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Last Updated: Thursday, 23 November 2006, 17:25 GMT
Nurses claim victory over attack
Rampton Hospital
Rampton Hospital where the attack took place
Six nurses injured by a violent woman patient at a high-security hospital have claimed victory in a High Court challenge against their employers.

They were hurt at Rampton Hospital in Nottinghamshire in 2001 by a patient said by doctors to be capable of attacking with "murderous severity".

Nottinghamshire Healthcare Trust appealed after being found negligent as to the nurses' safety.

The trust said it was "extremely disappointed" to have lost its case.

All six nurses were injured when they were assaulted by the 27-year-old patient at Rampton, one of England's three high-security, special psychiatric hospitals.

'Appropriate staffing'

On the night of the attack on 12 March 2001, four members of staff were assigned to the ward where Rachel Agar and 13 other patients were present.

Lord Justice Waller told London's Appeal Court that Miss Agar was suffering from a "psychopathic disorder", was "grossly disturbed" and had caused "mayhem" at the hospital before the attack.

All six nurses suffered injuries of varying severity in the incident and the judge said some of them had endured "long-term consequences".

Solicitors for the nurses said the original case in February 2006 at Nottingham County Court found Miss Agar posed an exceptional risk and the trust had failed in its duty of care by not bringing in new health and safety regulations demanding a risk assessment for individual patients in care.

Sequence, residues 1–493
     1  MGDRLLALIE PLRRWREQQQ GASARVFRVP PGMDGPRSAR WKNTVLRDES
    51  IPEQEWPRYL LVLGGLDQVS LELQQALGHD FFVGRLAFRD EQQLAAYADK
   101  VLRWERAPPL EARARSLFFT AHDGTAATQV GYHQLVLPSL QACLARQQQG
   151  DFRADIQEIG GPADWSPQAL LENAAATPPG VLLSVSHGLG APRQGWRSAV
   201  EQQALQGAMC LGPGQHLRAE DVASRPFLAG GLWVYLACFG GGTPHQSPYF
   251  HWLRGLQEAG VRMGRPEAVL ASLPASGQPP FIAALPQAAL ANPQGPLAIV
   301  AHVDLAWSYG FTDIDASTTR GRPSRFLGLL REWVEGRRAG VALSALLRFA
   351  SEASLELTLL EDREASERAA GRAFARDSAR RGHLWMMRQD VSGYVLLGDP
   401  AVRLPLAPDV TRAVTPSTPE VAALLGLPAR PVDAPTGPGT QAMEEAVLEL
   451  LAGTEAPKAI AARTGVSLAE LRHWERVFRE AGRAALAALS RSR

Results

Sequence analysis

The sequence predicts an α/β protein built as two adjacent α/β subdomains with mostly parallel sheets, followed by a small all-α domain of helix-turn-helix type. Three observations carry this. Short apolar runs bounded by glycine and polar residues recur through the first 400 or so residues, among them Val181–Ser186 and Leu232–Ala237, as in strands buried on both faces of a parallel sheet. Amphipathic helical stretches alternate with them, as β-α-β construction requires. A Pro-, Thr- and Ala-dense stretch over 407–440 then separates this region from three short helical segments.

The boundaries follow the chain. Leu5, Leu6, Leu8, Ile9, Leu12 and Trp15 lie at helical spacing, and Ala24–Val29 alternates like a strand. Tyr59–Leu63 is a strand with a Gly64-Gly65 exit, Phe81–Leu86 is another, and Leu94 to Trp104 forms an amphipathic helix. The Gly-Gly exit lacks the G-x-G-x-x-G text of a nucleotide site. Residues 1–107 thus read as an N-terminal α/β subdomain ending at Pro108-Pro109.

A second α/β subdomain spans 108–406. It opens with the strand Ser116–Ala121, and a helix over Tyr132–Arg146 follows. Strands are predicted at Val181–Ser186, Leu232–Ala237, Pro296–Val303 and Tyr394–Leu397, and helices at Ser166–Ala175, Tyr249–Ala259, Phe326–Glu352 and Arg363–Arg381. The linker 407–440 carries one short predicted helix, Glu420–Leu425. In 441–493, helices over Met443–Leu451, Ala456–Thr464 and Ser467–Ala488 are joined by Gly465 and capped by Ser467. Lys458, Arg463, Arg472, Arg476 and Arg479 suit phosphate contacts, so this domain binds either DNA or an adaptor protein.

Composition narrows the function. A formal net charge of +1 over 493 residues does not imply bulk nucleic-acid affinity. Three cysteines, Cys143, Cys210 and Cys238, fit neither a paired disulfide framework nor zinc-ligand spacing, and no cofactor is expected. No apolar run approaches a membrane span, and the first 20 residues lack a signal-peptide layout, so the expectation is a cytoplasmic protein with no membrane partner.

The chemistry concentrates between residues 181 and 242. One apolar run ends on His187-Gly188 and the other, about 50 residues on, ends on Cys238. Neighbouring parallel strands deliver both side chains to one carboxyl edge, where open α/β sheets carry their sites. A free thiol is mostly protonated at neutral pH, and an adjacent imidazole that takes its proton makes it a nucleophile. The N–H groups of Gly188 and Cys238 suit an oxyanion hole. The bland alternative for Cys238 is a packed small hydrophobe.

Not only was this assault inevitable but it was known to be inevitable and yet basic precautions had not been taken
Frank Rogers, nurses' solicitor

For the nurses, lawyer Frank Rogers said: "We are delighted to have won the appeal in this case which clearly sends out the message that these working conditions are simply not acceptable.

"In view of what was known about this patient, not only was this assault inevitable but it was known to be inevitable and yet basic precautions had not been taken."

Dr Mike Harris, the trust's acting chief executive, added: "This judgement has serious implications for how our society cares for these people in the future as trusts cannot maintain safe and dignified services without close personal supervision.

"In light of this judgement we will have to look more closely at how we manage very dangerous patients."

A trust statement said it took "many and varied steps to protect its staff ... on this occasion staffing levels were appropriate for a night shift" and it was "concerned if, unwittingly, it gave the impression that it did not fully appreciate the degree to which the incident impacted on the staff members involved".

"Any injury incurred in the workplace is unacceptable and injuries received in this way are inevitably traumatic. It is true to say though that five of the staff members were eventually able to return to work."

The ruling means the trust will have to compensate the nurses for the attack. The amount will be decided at a later date.


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